Winter has finished for another year and it overall ended up being a little quiet. This was mainly due to the water temperature being up around 22ºC instead of the normal 19ºC.
The cooler temperature causes the snapper to breed and be as hungry as a pack of rabbits in a desert, which would of made it a season to remember! Nevertheless, there have been some quality snapper taken in the deeper areas of the Barwon Banks and overall it was one of the best places to be throughout the winter period.
Iodine bream have been prolific this winter. With so many fish around the southern end of the Barwon Banks it has been difficult to get anything else near the bait. It was only five years ago that iodine bream were scattered around but they have really taken a hold now. Tuskfish were also amongst the catches and once fish around the 2kg mark are coming on board it makes the day a lot more interesting.
The local wrecks held massive amounts of teraglin. The only thing about trag is that they really do mess up the fishing line. They can saw a rig so fast you could easily replace one each drop. Float lining has been the more favoured method to getting the bigger snapper on the anchor otherwise a strong paternoster rig has done the job without worry. The shallow reef areas, like Murphys, the Gneerings and Caloundra 12 Mile, have been the best places to locate the larger fish, which will be the case until summer takes a strong foothold.
The estuaries have enjoyed a run of the bigger bream along with a few mulloway, which have been consistently hanging in the deeper drop-offs. Baitfish schools have been holding just offshore but there has not been enough predators around to break them up and sent them screaming for cover in the Pumicestone Passage. I witnessed a very large school of hardiheads just off Moffat Beach headland recently and it sat in the deeper waters waiting to be attacked but nothing happened. That is a sure sign that things are quiet.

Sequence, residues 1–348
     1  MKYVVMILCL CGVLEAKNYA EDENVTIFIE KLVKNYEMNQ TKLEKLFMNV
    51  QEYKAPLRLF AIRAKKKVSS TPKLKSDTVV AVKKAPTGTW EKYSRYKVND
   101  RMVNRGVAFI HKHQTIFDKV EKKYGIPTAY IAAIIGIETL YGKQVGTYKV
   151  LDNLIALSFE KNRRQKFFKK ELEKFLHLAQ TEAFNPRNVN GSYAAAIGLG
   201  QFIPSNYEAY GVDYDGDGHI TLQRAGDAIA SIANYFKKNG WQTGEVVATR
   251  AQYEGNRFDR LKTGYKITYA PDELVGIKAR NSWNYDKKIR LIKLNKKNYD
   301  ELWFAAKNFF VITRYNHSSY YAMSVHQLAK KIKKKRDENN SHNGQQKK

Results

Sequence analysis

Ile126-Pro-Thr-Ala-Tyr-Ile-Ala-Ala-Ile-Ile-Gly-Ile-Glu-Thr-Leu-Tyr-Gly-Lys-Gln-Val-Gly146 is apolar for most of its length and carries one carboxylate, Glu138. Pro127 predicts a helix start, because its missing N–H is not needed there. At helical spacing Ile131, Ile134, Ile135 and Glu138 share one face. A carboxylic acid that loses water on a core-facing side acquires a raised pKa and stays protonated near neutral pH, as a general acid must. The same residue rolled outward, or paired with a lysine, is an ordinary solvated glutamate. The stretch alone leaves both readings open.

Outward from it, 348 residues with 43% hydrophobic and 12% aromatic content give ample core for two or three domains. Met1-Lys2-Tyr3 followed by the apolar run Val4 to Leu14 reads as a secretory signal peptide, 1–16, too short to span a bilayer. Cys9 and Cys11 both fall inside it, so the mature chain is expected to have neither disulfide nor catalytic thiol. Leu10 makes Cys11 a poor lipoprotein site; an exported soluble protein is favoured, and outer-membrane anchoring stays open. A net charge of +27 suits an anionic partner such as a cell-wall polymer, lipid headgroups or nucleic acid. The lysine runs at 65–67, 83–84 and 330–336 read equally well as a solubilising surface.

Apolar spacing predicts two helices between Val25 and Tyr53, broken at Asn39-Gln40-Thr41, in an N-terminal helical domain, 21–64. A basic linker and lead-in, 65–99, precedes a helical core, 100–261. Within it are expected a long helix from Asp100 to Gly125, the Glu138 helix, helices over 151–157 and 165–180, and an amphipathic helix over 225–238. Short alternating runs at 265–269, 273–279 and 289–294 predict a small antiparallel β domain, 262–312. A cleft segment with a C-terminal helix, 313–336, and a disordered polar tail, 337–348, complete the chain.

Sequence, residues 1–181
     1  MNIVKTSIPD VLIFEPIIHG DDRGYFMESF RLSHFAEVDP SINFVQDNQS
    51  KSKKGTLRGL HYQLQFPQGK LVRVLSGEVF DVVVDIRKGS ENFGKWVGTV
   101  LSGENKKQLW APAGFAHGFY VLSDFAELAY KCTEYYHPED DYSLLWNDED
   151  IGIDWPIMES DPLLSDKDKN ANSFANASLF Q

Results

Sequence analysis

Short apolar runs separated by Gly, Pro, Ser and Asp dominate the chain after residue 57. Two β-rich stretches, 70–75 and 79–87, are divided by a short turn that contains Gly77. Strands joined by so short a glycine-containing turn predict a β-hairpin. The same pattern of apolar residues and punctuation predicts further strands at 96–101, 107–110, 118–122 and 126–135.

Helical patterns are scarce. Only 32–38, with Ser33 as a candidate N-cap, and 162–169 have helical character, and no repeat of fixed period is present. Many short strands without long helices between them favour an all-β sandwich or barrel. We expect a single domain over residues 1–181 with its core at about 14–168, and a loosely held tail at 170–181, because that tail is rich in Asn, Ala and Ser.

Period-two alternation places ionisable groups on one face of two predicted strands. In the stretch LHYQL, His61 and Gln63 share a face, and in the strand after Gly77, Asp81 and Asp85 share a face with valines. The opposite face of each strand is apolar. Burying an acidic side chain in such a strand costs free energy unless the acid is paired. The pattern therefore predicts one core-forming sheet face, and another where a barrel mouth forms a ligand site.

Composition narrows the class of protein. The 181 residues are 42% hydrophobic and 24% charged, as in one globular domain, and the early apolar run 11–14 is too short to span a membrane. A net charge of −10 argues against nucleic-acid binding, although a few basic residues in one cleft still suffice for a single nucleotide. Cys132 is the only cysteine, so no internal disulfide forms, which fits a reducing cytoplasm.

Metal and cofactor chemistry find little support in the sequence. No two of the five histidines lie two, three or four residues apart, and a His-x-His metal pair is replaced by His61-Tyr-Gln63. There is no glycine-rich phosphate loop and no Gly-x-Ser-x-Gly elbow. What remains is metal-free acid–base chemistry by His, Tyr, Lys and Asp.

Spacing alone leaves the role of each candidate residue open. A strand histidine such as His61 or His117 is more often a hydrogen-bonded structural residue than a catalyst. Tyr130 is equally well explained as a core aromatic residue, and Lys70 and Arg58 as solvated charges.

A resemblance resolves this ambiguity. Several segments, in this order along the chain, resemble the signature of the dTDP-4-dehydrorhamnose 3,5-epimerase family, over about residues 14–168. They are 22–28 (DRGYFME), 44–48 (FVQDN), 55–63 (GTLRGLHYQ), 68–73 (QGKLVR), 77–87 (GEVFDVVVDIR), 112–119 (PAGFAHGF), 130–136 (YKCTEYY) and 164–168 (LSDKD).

Whiting are being caught on bloodworms and smaller poppers in the early mornings. Best baits for big bream have been chicken. People laugh when we mention that chicken is good bait, but if you use the bits around the leg they are a lot tougher and last a long time. Normally bream can’t pull it off the hook so they swallow it whole resulting in a hook up. Just cut small strips about worm size and put them on the hook like you would a worm, a couple of half hitches around the top of the bait and the bream is yours.
Mullet have been in and out of the Pumicestone Passage and for those of us that use them for bait it was hard work finding enough numbers to put some in the freezer for later in the year. Of course if the mullet don’t run then the predators don’t come on and the whole season just grinds to a stop.
Fishing the beaches has been rewarding as there have been good numbers of bream, whiting and smaller dart about and an odd tailor or two. Late evening low tides have proven to be the better times to fish for tailor and smaller 3/0 hooks have made the difference this season. Normally 4/0 or 5/0 three ganged hooks would do the trick but because numbers have been down it has been important to use plenty of finesse.
A key to good beach fishing is of course picking a spot that will hold fish but also use berley. We would normally start a berley trail from the moment we arrive at our chosen spot and that could be 20 minutes before we are even ready to begin fishing. Just like offshore and estuary fishing, berley, will make a tremendous difference to the number of fish you will catch. A simple mixture of chook laying pellets and old bait mixed together will bring them on if they are in the area. I suggest around a minimum of 20 minutes of berley if possible before starting or if it’s not then start the handfuls into the waves as quick as possible.
So is it true the more you berley the more fish you will catch? No! Berley is not meant to feed the fish but to keep them around in the area and biting. Better to have a slower, consistent flow than a 5-10 minute break and start again. One of the best delivery methods is an old bag that releases the mixture or simply a normal berley pot fastened into the sand by a pole leaving it to belt about in the wave motion.
Summer fishing will be upon us soon but there are still opportunities to bag a snapper or two after dusk in the shallow reef areas or out wider in the deep holes. Don’t dismiss the use of berley and watch the tide times because a fishing trip on a high tide at dusk could be super productive. Work the estuaries this month for the last of the big bream and a few trevally and jack should be starting to show their aggression again. Have Fun!Reads: 477